Of course that’s not to say there isn’t reason to be concerned. After all, if robots are going to become as important as pets, care assistants or even another member of the family, they need to be created with a whole host of ethical, psychological and social considerations from the get go.
But assuming they’re going to be safe for us and others around us, how do we ensure robots make people feel comfortable enough to start hugging one? Well, that’s where the cuteness factor comes in.
As more and more robots are created, we’re beginning to get a better sense of which of them make us feel comfortable and which make us feel creeped out.
That’s where the term ‘Uncanny Valley’ comes in. It’s used to describe that space between robots that look very obviously like robots and robots that look exactly like humans - somewhere in the middle, our brains kick in and feel very unnerved by what we have seen, which is maybe the reason many of us recoil a little every time we see Sophia.
For robots designed to comfort and be cared for, the current design solution isn’t to create a full humanoid robot that could elicit those feelings, but instead create one that looks, acts, and even feels more like a pet with some human-like qualities.
That’s why a lot of their bodies look like little futuristic pets, but a lot of their expressions look like ours. One study found that people are more likely to have empathy for a robot if its expressions mimic their own.
A whole host of operational and design considerations go into how these robots look, based on the assumption that people are more likely to trust and feel safe among these robot companions if they look familiar and affectionate.
Research has shown that it’s not just looks that play a part too, but their stories and personalities. A 2015 study found people had more empathy with robots that had a story - meaning the cute naming strategy of the Aibo, the Lovot and all the rest serves a very real purpose.
Robots could be key in providing care
In a world filled with sci-fi notions of what robots could soon be like, as well as advances in robots that look more real than ever, it’s easy to look at Paro the Seal or Lovot and think they’re just toys or souped-up Furbies.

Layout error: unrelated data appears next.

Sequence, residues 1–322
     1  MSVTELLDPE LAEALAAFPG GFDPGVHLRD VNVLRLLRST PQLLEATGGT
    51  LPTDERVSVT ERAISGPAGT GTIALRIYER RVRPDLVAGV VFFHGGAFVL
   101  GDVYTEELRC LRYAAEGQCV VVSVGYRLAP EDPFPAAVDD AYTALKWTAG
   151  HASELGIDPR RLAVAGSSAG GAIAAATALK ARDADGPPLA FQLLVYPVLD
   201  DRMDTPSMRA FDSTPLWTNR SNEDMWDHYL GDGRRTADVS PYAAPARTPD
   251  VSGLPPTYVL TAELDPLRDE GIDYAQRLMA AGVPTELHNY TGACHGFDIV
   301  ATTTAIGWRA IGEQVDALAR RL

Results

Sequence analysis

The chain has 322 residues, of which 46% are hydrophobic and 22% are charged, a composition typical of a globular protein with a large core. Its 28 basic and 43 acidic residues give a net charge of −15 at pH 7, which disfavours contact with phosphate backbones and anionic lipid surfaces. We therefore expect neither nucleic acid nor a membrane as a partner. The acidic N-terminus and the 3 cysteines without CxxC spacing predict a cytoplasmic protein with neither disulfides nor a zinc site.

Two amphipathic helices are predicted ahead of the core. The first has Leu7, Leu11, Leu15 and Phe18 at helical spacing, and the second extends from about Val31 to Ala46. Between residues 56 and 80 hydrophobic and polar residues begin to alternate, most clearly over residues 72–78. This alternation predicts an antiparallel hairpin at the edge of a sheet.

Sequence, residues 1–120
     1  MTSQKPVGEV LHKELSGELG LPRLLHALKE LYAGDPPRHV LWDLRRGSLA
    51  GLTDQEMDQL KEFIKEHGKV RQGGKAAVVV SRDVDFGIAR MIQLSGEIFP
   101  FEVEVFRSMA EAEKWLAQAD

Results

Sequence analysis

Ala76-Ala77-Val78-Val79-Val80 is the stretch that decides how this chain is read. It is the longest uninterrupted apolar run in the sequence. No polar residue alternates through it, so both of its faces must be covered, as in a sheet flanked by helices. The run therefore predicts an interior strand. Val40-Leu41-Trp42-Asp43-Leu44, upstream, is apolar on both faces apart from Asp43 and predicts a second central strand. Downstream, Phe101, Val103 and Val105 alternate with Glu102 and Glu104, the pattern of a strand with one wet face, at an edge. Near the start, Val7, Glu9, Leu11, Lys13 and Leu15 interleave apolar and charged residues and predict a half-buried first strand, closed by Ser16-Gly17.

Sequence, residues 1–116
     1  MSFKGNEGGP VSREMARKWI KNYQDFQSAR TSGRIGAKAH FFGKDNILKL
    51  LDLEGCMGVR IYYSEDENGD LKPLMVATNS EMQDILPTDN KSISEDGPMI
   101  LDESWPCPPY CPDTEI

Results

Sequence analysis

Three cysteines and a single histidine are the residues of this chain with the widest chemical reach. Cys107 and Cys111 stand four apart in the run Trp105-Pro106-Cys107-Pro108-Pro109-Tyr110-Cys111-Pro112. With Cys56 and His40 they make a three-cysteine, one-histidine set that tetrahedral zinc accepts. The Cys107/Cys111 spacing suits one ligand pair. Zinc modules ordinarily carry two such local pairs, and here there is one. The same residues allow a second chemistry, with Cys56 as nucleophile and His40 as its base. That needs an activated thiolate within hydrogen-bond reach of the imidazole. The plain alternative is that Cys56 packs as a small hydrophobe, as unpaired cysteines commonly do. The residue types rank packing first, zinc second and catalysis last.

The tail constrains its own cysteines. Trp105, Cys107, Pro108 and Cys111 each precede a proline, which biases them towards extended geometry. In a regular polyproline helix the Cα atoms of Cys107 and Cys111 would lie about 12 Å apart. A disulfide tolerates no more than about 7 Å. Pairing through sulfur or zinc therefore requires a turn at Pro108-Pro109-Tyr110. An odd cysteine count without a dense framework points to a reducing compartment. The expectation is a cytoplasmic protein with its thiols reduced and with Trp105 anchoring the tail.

But the population is aging, people are lonely and many can’t get access to the care they need. Although many of these robots are still in the early stages and may not make it to our homes for years - if at all - they could play an important role in the future of care and connection.
Built to prevent loneliness and provide various levels of care, these robots don’t have to be a replacement for human contact. For many, they could just be about keeping people open to love and connection during difficult or isolating times.
So maybe the AI-filled future won’t be full of robots taking our jobs or android brothels like the tabloids would have us believe. Instead maybe there’s huge potential for robots to be our carers, our pets and even our friends?
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Becca is a contributor to TechRadar, a freelance journalist and author. She’s been writing about consumer tech and popular science for more than ten years, covering all kinds of topics, including why robots have eyes and whether we’ll experience the overview effect one day. She’s particularly interested in VR/AR, wearables, digital health, space tech and chatting to experts and academics about the future. She’s contributed to TechRadar, T3, Wired, New Scientist, The Guardian, Inverse and many more. Her first book, Screen Time, came out in January 2021 with Bonnier Books. She loves science-fiction, brutalist architecture, and spending too much time floating through space in virtual reality.